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User centred design and aged care : a case study investigation into aged care nurses’ information systems user needs within five Tasmanian aged care facilities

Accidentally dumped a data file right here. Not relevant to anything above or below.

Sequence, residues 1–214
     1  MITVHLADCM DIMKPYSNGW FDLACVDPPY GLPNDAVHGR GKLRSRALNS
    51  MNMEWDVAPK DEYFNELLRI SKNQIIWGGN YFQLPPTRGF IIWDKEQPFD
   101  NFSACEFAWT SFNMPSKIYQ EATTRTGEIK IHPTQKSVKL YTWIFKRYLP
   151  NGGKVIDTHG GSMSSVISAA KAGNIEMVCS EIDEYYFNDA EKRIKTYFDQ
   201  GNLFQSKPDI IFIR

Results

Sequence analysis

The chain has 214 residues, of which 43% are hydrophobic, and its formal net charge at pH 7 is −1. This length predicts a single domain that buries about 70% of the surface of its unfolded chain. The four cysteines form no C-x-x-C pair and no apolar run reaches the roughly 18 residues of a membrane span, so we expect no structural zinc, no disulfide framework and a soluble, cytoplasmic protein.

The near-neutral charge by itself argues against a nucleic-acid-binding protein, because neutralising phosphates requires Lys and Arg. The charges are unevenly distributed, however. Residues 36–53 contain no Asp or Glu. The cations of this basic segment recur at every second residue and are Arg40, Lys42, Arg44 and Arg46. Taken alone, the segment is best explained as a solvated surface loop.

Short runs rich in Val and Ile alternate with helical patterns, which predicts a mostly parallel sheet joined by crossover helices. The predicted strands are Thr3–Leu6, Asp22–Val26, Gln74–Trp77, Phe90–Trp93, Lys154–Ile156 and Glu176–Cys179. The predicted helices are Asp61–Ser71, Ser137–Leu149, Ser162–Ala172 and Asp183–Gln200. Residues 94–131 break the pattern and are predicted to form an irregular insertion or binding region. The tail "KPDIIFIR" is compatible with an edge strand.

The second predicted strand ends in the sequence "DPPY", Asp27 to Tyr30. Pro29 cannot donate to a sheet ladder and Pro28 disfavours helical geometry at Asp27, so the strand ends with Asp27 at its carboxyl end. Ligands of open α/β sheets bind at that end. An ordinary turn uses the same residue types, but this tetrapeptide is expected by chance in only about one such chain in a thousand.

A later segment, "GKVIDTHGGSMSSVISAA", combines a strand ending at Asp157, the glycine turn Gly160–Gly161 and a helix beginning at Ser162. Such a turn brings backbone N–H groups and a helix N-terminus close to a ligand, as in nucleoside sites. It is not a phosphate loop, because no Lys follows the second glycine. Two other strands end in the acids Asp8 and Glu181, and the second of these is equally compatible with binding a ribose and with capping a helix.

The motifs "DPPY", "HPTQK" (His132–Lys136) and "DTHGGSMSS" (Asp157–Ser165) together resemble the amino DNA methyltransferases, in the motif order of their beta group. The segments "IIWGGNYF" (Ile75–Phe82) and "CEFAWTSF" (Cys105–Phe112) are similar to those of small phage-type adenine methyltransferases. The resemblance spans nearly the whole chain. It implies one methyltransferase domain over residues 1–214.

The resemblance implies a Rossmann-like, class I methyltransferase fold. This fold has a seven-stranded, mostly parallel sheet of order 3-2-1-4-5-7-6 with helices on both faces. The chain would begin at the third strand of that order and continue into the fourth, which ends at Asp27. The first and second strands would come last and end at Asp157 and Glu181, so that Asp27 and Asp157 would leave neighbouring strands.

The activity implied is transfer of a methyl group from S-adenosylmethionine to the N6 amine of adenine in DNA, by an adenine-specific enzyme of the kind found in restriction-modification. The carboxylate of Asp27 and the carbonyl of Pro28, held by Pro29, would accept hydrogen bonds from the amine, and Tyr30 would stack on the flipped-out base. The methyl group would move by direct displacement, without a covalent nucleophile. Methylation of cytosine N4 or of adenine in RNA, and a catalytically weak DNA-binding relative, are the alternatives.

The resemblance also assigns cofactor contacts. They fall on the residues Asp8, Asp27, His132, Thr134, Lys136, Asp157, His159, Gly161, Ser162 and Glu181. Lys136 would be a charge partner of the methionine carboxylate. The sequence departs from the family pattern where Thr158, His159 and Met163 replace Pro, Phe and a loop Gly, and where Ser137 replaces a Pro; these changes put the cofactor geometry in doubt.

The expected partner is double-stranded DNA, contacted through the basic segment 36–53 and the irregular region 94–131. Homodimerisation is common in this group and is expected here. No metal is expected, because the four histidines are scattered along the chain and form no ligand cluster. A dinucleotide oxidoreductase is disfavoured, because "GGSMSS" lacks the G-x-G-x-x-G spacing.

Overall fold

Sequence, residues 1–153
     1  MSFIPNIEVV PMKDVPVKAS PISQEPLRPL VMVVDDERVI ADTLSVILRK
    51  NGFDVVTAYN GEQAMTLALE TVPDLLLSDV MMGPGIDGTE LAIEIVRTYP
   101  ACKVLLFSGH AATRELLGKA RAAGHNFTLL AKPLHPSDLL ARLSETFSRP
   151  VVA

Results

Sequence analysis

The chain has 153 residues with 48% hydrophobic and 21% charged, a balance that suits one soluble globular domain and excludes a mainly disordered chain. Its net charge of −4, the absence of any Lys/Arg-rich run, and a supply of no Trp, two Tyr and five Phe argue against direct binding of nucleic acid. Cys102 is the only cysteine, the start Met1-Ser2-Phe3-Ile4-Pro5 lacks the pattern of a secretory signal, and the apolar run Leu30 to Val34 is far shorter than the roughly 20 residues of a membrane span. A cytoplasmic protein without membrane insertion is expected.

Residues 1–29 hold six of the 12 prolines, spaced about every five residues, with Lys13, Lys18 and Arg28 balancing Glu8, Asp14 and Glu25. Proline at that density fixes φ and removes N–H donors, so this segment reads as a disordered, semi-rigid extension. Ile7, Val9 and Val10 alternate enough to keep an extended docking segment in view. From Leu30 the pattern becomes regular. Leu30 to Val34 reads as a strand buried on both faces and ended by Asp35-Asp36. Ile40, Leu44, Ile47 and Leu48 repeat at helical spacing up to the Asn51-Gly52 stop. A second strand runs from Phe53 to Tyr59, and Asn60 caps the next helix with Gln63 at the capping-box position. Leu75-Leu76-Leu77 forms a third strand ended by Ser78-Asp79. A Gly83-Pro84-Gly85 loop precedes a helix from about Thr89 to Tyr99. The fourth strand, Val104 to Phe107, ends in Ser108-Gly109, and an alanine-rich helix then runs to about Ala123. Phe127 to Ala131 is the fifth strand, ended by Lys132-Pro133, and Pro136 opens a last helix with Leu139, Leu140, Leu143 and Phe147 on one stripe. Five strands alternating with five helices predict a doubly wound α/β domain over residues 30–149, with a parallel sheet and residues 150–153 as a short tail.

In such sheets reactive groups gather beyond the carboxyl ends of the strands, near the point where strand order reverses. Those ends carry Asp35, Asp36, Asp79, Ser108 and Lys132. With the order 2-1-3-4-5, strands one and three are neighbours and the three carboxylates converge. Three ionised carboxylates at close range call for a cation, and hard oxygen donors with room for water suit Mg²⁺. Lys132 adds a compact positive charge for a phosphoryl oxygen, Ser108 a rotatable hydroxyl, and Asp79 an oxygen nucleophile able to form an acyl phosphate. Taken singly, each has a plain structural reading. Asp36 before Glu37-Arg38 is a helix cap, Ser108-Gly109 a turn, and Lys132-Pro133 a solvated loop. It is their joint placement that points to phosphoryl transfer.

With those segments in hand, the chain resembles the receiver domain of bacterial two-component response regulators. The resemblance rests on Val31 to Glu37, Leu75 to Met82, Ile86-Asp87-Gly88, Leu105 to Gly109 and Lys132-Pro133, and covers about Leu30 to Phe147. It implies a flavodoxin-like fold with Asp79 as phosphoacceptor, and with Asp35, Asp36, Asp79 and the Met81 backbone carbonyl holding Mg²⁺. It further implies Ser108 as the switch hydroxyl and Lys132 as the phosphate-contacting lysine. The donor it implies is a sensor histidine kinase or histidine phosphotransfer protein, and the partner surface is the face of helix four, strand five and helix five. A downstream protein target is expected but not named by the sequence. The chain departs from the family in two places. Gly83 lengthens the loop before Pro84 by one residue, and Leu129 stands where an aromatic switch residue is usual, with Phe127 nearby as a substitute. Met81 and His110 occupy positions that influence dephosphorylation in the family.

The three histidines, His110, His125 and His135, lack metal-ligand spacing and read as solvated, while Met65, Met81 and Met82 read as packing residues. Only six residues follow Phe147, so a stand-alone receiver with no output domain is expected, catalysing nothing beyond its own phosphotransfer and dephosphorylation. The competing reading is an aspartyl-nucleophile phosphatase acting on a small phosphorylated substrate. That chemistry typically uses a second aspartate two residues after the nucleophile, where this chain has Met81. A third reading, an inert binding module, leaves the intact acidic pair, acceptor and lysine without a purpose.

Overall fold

Springer, ML (2010) User centred design and aged care : a case study investigation into aged care nurses’ information systems user needs within five Tasmanian aged care facilities. PhD thesis, University of Tasmania.